Hearing explosive Romanian brass orchestra Fanfare Ciocarlia relegated to the role of backing band is surreal. But guitarist Adrian Raso is a spectacular and eclectic player, to the extent that he doesn’t get overshadowed by the legendary Romany party monsters. Their new collaboration, Devil’s Tale, due out next month, is in many respects as noir as noir gets: it’s both the roots of noir and the cutting edge as well, along with a couple of more lighthearted, more pop-oriented tracks. Raso distinguishes himself as a bearer of the Django Reinhardt legacy as well as a searing soloist whose signature style draws on decades of Americana.
The opening track, Ulm St. Tavern is sort of St. James Infirmary transplanted to Bucharest – people have died in this bar. It’s a Kurt Weill-style noir blues theme driven by banjo and tremolo-bar guitar early on, the orchestra looming in and then receding, Raso peeling off a snarling slide guitar solo, the band speeding it up at the end although the song is over before it gets completely out of hand. It sets the stage for pretty much everything that comes afterward.
Swing Sagarese is the first of the Romany jazz numbers, the band adding a circus rock edge with a delicious handoff between alto sax and trumpet. The Absinthe-Minded Gypsy, another noir blues, opens with ominous banjo and a wash of horns, like a more ornate take on the Dimestore Dance Band, bristling with eerie chromatics and bitingly brief solos from banjo, dobro and tuba. C’Est La Vie goes back to spiraling, flurrying, wickedly catchy Romany guitar jazz, while Quattro Cicci brings in a high-voltage flamenco feel with a lush bed of guitars bolstered by the orchestra’s signature pinpoint, precise brass. After Raso’s done wailing, it builds to a big, anthemic stadium-rock outro.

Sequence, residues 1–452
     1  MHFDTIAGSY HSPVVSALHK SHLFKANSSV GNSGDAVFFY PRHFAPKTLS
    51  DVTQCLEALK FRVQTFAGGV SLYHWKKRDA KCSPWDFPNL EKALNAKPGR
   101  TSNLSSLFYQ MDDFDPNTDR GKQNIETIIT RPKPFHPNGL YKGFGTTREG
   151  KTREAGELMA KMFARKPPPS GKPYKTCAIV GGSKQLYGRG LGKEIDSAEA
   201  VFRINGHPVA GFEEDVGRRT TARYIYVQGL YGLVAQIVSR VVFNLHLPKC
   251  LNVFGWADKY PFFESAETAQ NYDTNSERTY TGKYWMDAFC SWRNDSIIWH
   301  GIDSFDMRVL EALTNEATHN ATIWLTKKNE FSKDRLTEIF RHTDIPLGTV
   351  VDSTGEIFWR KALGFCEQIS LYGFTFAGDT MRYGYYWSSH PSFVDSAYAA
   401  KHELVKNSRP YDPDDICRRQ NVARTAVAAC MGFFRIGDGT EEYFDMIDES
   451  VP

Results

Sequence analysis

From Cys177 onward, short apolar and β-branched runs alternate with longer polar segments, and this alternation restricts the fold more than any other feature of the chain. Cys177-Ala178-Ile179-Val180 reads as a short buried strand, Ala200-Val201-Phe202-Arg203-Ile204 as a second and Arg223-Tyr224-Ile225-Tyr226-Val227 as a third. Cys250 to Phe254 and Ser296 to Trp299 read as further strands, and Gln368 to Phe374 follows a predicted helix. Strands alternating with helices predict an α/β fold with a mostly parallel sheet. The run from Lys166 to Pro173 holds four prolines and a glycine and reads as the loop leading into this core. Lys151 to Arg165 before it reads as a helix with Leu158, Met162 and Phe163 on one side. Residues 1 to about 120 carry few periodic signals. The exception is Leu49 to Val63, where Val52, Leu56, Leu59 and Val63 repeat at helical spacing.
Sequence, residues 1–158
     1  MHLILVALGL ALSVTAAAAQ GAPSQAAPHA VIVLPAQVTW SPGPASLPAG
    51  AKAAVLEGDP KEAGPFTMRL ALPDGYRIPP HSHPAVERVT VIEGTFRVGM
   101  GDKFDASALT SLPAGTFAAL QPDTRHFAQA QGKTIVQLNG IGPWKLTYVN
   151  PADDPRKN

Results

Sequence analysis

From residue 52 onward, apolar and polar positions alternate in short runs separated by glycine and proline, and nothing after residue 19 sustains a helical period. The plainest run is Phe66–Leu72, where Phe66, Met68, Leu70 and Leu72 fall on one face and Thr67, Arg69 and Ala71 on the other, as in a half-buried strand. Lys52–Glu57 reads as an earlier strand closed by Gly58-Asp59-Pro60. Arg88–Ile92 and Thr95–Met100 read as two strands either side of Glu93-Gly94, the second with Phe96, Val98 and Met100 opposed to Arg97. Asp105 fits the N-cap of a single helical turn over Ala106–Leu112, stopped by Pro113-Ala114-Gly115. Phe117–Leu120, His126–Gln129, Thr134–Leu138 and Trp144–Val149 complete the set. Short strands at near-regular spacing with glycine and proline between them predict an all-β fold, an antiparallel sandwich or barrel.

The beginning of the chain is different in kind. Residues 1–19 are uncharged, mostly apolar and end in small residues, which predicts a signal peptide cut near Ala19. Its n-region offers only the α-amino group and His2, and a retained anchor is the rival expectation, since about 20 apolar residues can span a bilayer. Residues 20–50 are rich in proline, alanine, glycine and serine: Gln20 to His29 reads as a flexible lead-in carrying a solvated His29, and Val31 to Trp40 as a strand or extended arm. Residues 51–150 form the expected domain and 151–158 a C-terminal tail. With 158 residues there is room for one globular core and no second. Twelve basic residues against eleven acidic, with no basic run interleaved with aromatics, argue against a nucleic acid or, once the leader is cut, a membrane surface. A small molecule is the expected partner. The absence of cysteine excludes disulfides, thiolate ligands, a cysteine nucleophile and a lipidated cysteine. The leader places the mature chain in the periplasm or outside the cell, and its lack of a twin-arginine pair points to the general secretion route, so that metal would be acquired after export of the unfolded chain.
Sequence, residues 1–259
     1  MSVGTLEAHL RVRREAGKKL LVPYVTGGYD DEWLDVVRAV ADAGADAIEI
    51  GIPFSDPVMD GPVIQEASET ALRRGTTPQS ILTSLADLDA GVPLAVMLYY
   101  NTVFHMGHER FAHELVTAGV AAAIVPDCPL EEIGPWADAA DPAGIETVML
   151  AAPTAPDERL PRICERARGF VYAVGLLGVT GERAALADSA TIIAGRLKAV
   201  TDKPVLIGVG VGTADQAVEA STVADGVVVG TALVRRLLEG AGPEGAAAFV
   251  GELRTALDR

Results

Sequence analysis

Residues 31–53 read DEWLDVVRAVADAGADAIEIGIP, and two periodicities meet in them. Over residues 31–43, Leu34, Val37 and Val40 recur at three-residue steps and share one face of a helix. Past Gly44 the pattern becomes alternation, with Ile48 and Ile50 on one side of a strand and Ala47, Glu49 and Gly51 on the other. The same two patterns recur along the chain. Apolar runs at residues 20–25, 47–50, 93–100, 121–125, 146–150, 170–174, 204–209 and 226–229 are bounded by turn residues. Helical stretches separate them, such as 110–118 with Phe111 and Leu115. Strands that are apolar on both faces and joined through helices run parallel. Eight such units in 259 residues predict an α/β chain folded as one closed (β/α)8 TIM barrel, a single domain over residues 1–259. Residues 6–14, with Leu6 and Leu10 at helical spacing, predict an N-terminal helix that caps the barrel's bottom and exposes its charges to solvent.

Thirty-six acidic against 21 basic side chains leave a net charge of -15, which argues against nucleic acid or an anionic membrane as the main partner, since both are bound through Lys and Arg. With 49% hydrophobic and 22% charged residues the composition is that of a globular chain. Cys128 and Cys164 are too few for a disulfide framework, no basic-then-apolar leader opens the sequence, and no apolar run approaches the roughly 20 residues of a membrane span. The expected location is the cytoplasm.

Charlatan’s Waltz is more low key and creepy, like Beninghove’s Hangmen in especially brooding mode, a carnivalesque waltz with pulsing staccato horns, accordion and a judicously spiky Romany jazz guitar solo. The arguably most surreal number here is the title track, a Romany jazz orchestra doing Duane Eddy, or vice versa; Raso’s hammering, staccato solo over rimshot drums midway through adds both unexpected humor and suspense. Likewise, there’s both twistedness and drollery in the slowly swaying Leezard’s Lament, with its darkly rustic banjo, lingering slow-burn tremolo guitar, weird jawharp and samples in the background.
Both Cafe Con Leche and Spirtissimo venture toward Gipsy Kings territory, the first with hints of a bolero, the second more of a flamenco-flavorred tune. Birelli’s Waltz starts out as an elegantly moody theme and then warms as it moves into more straightforward guitar jazz. The album ends with the briskly marching, playful Django, with its gritty horn pointillisms and wry quotes from famous themes from across the ages. Fanfare Ciocarlia are at Webster Hall in the main room at 9:40 PM on Jan 12 as part of Globalfest.